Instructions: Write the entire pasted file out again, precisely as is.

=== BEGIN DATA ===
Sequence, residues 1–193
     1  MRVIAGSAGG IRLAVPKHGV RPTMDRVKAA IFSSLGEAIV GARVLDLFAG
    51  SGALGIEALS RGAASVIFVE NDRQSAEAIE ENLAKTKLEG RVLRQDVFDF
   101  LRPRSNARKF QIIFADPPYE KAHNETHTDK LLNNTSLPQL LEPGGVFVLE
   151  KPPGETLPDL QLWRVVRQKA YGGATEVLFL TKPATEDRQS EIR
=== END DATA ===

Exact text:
Sequence, residues 1–193
     1  MRVIAGSAGG IRLAVPKHGV RPTMDRVKAA IFSSLGEAIV GARVLDLFAG
    51  SGALGIEALS RGAASVIFVE NDRQSAEAIE ENLAKTKLEG RVLRQDVFDF
   101  LRPRSNARKF QIIFADPPYE KAHNETHTDK LLNNTSLPQL LEPGGVFVLE
   151  KPPGETLPDL QLWRVVRQKA YGGATEVLFL TKPATEDRQS EIR